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Microbial communities develop similar AMR, study finds
Bacteria that co-existed had a higher level of AMR genetic material than isolated bacteria.
Different bacteria in the same community will share AMR genetic material.

A study into anti-microbial resistance (AMR) has explored how bacteria can share AMR mechanisms when they are in the same microbial community.

The research particularly focusses on livestock farming, which has seen a significant increase in the spread of AMR.

Scientists from the University of Nottingham examined how two common bacteria in livestock settings, Escherichia coli and Salmonella enterica, shared genetic material. Both bacteria have high levels of drug resistance, transmissibility to humans, and cause food poisoning.

The investigation saw the team collect 661 E. coli and Salmonella bacteria isolates from chickens and their environments across 10 chicken farms and four abattoirs in China over a two-and-a-half year period.

The researchers conducted a large-scale analysis of the samples, using conventional microbiology DNA sequencing as well as data-mining methods powered by machine learning

The findings demonstrate that different bacteria species that co-existed in the same microbial community could share AMR genetic material. This means that they implement similar anti-microbial resistant mechanisms.

Bacteria that co-existed within the chicken gut, compared to bacteria existing in isolation, had a higher level of AMR-related genetic material and implemented similar resistance and metabolic mechanisms. This could be the result of a stronger co-evolution pathway.

The study is the first where the genomic content of two bacteria has been investigated on such a large scale, using samples from the same animals, at the same time, in real world settings.

The researchers say their findings demonstrate that investigating bacteria species in isolation may not provide a sufficient image of AMR activity in livestock farming. This could lead to an underestimation of the threat to human health.

Dr Tania Dottorini, lead researcher from the University of Nottingham, said: “These species of bacteria can share genetic material both within, and potentially between species, a way in which AMR is spread.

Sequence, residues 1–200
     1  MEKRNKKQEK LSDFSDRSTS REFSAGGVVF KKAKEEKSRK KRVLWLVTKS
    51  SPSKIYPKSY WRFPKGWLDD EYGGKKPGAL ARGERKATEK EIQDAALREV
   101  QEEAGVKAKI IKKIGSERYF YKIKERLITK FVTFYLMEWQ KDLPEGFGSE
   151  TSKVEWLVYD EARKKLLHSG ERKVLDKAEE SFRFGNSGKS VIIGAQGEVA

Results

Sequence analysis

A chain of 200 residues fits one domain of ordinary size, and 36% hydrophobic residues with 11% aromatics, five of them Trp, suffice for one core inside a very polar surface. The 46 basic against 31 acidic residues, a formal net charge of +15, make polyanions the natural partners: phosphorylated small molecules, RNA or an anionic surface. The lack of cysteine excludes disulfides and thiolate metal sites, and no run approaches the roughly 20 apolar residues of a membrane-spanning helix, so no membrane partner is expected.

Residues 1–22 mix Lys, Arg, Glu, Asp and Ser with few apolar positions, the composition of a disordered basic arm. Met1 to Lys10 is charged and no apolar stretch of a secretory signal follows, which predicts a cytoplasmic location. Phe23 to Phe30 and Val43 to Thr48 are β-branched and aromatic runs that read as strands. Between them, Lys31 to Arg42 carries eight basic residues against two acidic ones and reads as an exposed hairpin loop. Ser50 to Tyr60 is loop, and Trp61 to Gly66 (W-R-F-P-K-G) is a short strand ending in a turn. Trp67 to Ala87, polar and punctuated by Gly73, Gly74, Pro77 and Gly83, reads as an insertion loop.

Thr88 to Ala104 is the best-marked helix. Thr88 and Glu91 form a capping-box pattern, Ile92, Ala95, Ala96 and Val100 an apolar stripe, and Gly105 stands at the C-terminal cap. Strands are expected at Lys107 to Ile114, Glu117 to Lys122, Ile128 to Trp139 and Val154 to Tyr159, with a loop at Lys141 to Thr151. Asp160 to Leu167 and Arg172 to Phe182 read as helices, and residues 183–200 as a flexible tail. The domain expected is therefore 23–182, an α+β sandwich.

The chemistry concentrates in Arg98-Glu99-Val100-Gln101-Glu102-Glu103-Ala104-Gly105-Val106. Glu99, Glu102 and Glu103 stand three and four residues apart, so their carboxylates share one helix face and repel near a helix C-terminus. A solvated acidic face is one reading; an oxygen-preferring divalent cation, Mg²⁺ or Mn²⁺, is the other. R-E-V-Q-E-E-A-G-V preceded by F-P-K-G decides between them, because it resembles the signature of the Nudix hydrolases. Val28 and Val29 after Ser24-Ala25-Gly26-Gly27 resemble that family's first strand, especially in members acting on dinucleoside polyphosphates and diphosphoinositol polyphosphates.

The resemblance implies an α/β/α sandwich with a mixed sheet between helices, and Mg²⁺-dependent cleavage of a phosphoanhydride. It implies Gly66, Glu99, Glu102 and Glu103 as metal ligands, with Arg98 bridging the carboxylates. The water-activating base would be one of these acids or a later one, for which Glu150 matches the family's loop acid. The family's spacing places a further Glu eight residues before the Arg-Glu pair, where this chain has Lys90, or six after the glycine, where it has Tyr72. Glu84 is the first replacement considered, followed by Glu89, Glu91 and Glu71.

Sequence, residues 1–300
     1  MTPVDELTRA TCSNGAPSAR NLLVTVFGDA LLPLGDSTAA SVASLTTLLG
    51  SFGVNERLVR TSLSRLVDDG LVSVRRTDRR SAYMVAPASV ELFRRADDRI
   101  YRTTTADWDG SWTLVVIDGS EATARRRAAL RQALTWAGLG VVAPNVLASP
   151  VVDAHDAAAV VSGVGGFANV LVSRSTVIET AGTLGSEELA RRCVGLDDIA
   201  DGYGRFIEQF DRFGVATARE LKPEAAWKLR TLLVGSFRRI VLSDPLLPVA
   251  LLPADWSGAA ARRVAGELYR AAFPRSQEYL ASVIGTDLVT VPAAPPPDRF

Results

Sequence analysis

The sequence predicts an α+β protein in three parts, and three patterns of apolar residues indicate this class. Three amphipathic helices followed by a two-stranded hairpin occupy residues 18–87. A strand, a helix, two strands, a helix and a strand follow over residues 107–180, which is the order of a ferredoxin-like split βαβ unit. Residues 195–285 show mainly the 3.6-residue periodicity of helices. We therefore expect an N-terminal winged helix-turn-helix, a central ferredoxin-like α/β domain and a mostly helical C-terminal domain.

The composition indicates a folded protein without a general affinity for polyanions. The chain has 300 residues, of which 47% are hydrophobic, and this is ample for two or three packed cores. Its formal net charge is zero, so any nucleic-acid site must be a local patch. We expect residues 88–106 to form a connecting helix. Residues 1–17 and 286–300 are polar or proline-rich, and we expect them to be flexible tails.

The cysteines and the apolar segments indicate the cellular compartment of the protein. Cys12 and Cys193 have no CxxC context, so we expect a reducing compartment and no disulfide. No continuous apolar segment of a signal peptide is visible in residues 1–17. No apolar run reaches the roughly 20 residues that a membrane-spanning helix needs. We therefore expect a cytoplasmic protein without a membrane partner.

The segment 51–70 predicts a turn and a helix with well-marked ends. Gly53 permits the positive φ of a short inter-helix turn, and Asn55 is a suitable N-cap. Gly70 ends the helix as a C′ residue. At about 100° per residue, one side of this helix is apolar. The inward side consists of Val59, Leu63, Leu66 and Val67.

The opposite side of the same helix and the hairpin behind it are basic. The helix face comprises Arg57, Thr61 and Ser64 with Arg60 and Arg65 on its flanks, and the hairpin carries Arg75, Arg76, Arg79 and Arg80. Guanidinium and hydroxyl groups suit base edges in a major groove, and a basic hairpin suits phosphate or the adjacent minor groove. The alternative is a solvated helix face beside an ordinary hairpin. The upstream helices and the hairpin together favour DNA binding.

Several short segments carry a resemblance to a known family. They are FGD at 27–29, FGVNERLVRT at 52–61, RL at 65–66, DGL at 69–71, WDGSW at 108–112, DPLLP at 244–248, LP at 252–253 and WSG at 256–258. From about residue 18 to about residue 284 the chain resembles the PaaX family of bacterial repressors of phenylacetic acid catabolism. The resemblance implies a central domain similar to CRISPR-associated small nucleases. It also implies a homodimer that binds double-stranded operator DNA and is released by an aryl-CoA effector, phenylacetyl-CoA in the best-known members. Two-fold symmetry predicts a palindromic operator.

“That is why understanding the extent to which these bacteria within the same environment, and importantly, the same host, can co-evolve and share their genome could help the development and more efficient treatments to fight AMR.”

The full study can be found in the journal Nature Communications.

Image © Shutterstock

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Special imports digital service set to change

News Story 1
 From Monday, 15 July, Special Import Certificate (SIC) applications will only be accepted via the Veterinary Medicines Directorate's (VMD's) new special imports digital service.

The original online special import scheme will be decommissioned. The VMD says that the new service is easier to use, more secure and reliable, and meets accessibility legislation.

The VMD is urging veterinary surgeons who have not yet signed up for the new service to do so before 15 July. The new digital service can be accessed here

Click here for more...
News Shorts
RCVS course explains concerns process

A free, online course from the RCVS Academy has been launched, designed to clarify RCVS' concerns procedure.

The content will give veterinary surgeons and veterinary nurses a better understanding of the process, and what they can expect if a concern is raised about them. It includes details of common concerns.

The interactive resource has been developed in collaboration with Clare Stringfellow, case manager in the RCVS Professional Conduct Team.

Ms Stringfellow said: "We appreciate that concerns can be very worrying, and we hope that, through this course, we can give vets and nurses a better understanding of the process and how to obtain additional support."

The course can be accessed via the RCVS Academy. Users are encouraged to record their learning for CPD.